_{30}and m

_{03}reduce quickly, changing their signs at z/H

_{d}= 1, and for z/H

_{d}> 1, they become independent of z/H

_{d}. However, these features disappear gradually with an increase in x/L

_{d}. It may be noted that the m

_{30}and m

_{03}profiles at x/L

_{d}= 3.3 remain almost similar to those in the upstream.

_{21}and m

_{12}at the upstream and various downstream relative streamwise distances x/L

_{d}in Runs 1 and 2. It appears that upstream of the dune (x/L

_{d}= −0.5), the m

_{21}and m

_{12}, in the near-bed flow zone, attain positive and negative values, respectively. Then, they increase with an increase in relative vertical distance z/H

_{d}up to a certain height. Subsequently, they reduce with an increase in z/H

_{d}, becoming independent of z/H

_{d}for z/H

_{d}> 1.1. Downstream of the dune (x/L

_{d}= 1 to 2.1), for a given x/L

_{d}, the m

_{21}and m

_{12}, in the near-bed flow zone, are negative and positive, respectively. Then, they increase with an increase in z/H

_{d}attaining their respective peaks. Afterward, they reduce quickly, changing their signs at the dune crest (z/H

_{d}= 1). Thereafter, the m

_{21}and m

_{12}profiles recover their upstream profiles. Downstream of the dune, an advection of $\overline{{u}^{\prime}{u}^{\prime}}$ in the upward direction and that of $\overline{{w}^{\prime}{w}^{\prime}}$ in the upstream direction prevail below the crest. In fact, below the crest, there appears a streamwise acceleration, which is linked with the downward flux causing sweeps with an advection of $\overline{{u}^{\prime}{u}^{\prime}}$ in the downward direction. By contrast, above the crest, the streamwise deceleration is associated with an upward flux producing ejections with an advection of $\overline{{u}^{\prime}{u}^{\prime}}$ in the upward direction.

## 5. Quadrant Analysis

_{i}

_{,H}over the sampling duration. Here, F

_{i}

_{,H}is the detection function, defined as F

_{i}

_{,H}= 1 if the pair (u′, w′) in the quadrant i satisfies the condition |u′w′|≥ H($\overline{{u}^{\prime}{u}^{\prime}}$)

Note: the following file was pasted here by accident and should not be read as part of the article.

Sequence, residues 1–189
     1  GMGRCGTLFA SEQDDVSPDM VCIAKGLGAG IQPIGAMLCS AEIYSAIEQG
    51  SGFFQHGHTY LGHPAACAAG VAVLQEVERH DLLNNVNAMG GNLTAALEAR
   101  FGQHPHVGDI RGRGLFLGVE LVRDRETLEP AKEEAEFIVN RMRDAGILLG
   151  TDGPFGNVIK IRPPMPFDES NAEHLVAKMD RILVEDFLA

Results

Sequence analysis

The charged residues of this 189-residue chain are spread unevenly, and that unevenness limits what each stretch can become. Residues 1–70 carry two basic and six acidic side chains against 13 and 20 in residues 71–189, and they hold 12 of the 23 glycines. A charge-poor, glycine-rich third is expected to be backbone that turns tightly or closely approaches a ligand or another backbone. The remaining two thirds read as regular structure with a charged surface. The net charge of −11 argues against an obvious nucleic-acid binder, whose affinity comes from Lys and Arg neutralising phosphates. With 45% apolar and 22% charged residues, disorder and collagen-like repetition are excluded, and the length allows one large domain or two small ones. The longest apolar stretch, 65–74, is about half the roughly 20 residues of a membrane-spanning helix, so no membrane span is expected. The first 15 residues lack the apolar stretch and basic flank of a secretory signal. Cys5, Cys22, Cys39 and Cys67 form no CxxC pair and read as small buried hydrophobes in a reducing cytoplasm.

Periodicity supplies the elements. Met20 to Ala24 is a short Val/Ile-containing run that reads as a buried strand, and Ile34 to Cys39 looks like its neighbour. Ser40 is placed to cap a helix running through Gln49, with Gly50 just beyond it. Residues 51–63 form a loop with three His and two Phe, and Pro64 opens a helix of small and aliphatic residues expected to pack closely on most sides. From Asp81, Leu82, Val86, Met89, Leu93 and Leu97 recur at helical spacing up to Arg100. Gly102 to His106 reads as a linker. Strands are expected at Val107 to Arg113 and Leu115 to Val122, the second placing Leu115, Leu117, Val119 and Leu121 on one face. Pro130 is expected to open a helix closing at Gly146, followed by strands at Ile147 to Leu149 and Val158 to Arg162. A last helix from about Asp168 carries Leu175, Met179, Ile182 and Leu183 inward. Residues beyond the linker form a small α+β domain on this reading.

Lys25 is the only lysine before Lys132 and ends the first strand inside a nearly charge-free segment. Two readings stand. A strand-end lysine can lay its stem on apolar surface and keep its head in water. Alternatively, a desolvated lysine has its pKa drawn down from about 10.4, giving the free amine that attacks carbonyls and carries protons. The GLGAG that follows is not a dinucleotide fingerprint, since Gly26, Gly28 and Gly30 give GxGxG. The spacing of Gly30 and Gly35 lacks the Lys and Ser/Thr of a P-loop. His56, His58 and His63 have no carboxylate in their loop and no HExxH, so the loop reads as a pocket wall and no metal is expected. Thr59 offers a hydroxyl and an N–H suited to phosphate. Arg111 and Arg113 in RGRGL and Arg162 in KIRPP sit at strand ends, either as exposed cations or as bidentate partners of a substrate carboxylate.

^{0.5}($\overline{{w}^{\prime}{w}^{\prime}}$)

^{0.5}and F

_{i}

_{,H}= 0 otherwise. The relative fractional contributions S

_{i}

_{,H}toward the Reynolds shear stress production is expressed as S

_{i}

_{,H}= ${\overline{{u}^{\prime}{w}^{\prime}}|}_{{}^{i,H}}$/$\overline{{u}^{\prime}{w}^{\prime}}$. It turns out that for H = 0, the sum of S

_{1,0}, S

_{2,0}, S

_{3,0}and S

_{4,0}becomes unity.

_{i}

_{,0}at the upstream and various downstream relative streamwise distances x/L

_{d}in Runs 1 and 2, respectively. Upstream of the dune (x/L

_{d}= –0.5), the Q2 and Q4 events remain the most and the second-most contributing events, respectively, to the production of Reynolds shear stress. However, the Q1 and Q3 events are trivial across the flow depth. Downstream of the dune (x/L

_{d}= 1 to 2.1), all the four events contribute largely below the dune crest with prevailing Q4 events in the form of arrival of high-speed fluid streaks. At x/L

_{d}= 2.5, contributions from the Q2 and Q4 events appear to be nearly equal below the crest. Further downstream (x/L

_{d}= 3.3), the Q2 events dominate over Q4 events in the form of arrival of low-speed fluid streaks. It may be noted that above the crest (z/H

_{d}> 1), the Q2 events are the most contributing events regardless of x/L

_{d}.

_{i}

_{,H}| with hole size H in Run 1 for different relative vertical distances z/H

_{d}(=0.05, 0.25 and 0.5) at relative streamwise distances x/L

_{d}= –0.5 (uninterrupted upstream flow) and 1 (near-wake flow), whereas Figure 12a,b shows those at x/L

_{d}= 1.7 (far-wake flow) and 3.3 (near to fully recovered flow). It appears that upstream of the dune (x/L

_{d}= –0.5), the Q1 and Q3 events for z/H

_{d}= 0.05 contribute minimally to the Reynolds shear stress production as compared to the Q2 and Q4 events. However, for z/H

_{d}= 0.05, the pairs (Q1, Q3) and (Q2, Q4) are equal, indicating that they mutually cancel the dominance of each other. At x/L

_{d}= –0.5, the Q2 events remain dominant for z/D = 0.25 and 0.5. Immediate downstream of the dune (x/L

_{d}= 1), the Q1 and Q3 events, for a given z/H

_{d}, are smaller than Q2 and Q4 events. However, at the downstream, the Q4 remain the most dominant events for z/H

_{d}= 0.05, 0.25 and 0.5. At x/L

_{d}= 1.7, these features remain similar to those at x/L

_{d}= 1, but with relatively smaller Q4 events. Far downstream of the dune (x/L

_{d}= 3.3), the events, for a given z/H

_{d}, follow the upstream trend. The contributions from the events are considerable for lower values of H. In essence, for H ≥ 12, all the events are trivial at different streamwise and vertical distances.

## 6. Turbulent Kinetic Energy Budget

_{P}= ε + t

_{D}+ p

_{D}− v

_{D}, where t

_{P}is the turbulent kinetic energy production rate (= –$\overline{{u}^{\prime}{w}^{\prime}}$∂ū/∂z), ε is the turbulent kinetic energy dissipation rate, t

_{D}is the turbulent kinetic energy diffusion rate (= ∂f

_{kw}/∂z), f

_{kw}is the vertical flux of turbulent kinetic energy, p

_{D}is the pressure energy diffusion rate [= ρ

^{−1}∂($\overline{{p}^{\prime}{w}^{\prime}}$)/∂z], p′ is the pressure fluctuations, v